While 35mm prints can be hard to find now, Tarantino said that what he doesn’t already own he’ll find from collectors. His collection will already factor into his plans for opening night in October: His pristine 35mm print of the 1969 Paul Mazursky-directed Bob & Carol & Ted & Alice, in a double feature with 1973’s Blume In Love. “The last time we showed it at the New Beverly, Paul Mazursky showed up, did a Q&A session and it was really, really groovy. He passed on so it will be nice to do that. When I made a deal with Columbia to do Django Unchained, I said, ‘I want a film from the Columbia library — and if the movie grosses over $100 million, I want two prints.’ So one of the movies I chose was a 35mm print of Bob & Carol & Ted & Alice. The print they struck for me, they had Paul Mazursky come down and had him color time it. It’s the most gorgeous print of Bob & Carol & Ted & Alice that exists. It’s just amazing looking. I figured that would be a really good one to start off with on opening night.”
Related: R.I.P. Paul Mazursky
As for his own films, Tarantino won’t be bashful. “I’m going to show Pulp Fiction for a whole week during our first month, because it’s our 20th anniversary,” he said. “What I want to do is show it with Luc Besson’s The Professional, which also came out in 1994. I thought that would be a cool double feature on the 20th anniversary for both movies. I have no problem showing my own movies. We have a Friday, Saturday midnight show. For the most part, Friday midnight will be one of my movies. If you want to see one of my movies in 35mm, any week of the year, there is one place you can go to.”
It’s not going to be all grind house and R-rated movies. Tarantino also plans a Saturday kiddie matinee, to see if he can hook a new generation of cinefiles and keep a throwback tradition alive.”I have a lot of those 35mm prints too, like The Adventures Of The Wilderness Family, The Life And Times Of Grizzly Adams,” he said.
L.A.’s repertory landscape is crowded, as movie buffs already split time among the Egyptian in Hollywood, the Aero in Santa Monica, Fairfax Avenue’s Cinefamily, and the New Beverly. The Alamo Drafthouse recently announced it is building a nine-screen theater in a snazzy new downtown space that will open next year. But even in the digital age, when most exhibitors worry about shrinking windows, home entertainment and VOD, Tarantino isn’t anxious about competitors.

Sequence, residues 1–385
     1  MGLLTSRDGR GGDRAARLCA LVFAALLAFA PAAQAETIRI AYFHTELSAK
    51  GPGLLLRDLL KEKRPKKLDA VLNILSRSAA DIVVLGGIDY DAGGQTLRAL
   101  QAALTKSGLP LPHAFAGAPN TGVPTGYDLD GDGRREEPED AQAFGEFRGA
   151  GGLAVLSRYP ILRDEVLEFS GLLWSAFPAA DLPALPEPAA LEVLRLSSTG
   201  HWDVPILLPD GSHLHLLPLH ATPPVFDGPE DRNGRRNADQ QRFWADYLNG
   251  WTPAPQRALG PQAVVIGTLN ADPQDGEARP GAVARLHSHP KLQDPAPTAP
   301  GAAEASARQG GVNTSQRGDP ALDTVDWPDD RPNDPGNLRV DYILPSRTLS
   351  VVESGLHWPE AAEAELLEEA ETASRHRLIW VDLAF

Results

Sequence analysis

“When it comes to world cities that should have tons of revival stuff playing, Los Angeles should be No. 1,” he said. “It’s not. Paris is far and away No. 1 when it comes to a revival culture. So as far as I’m concerned, if six other revival houses open, it would be a great thing. I’m rooting for all those guys, particularly Cinefamily. Our two theaters are good friends with each other, and we’d love to do more joint events together.”
Tarantino says that thanks to its distinctive programming, the New Beverly falls into a space between the art film set and the midnight movie crowd. “I don’t want people yelling at the screen,” he says. “They could also be just laughing too much. We don’t want that either. I think the New Beverly has found a really good balance. When stuff is funny, the audience laughs and they have a really good time, but they’re not going to make fun of the movies.”
Profitability is not a concern for Tarantino. Still, his 35mm campaign at the New Beverly could have a holistic effect while setting the theater apart from the competition. Purists at least will have a church where they can worship at the altar of film along with one of its most committed apostles. “I want people to show up, and we’re going to give them a good show,” Tarantino said. “But I also want some of these movies to just get another chance at a projector, to get the chance to be shown again. If people show up, great. If they don’t, too bad. They’ll be playing anyway.”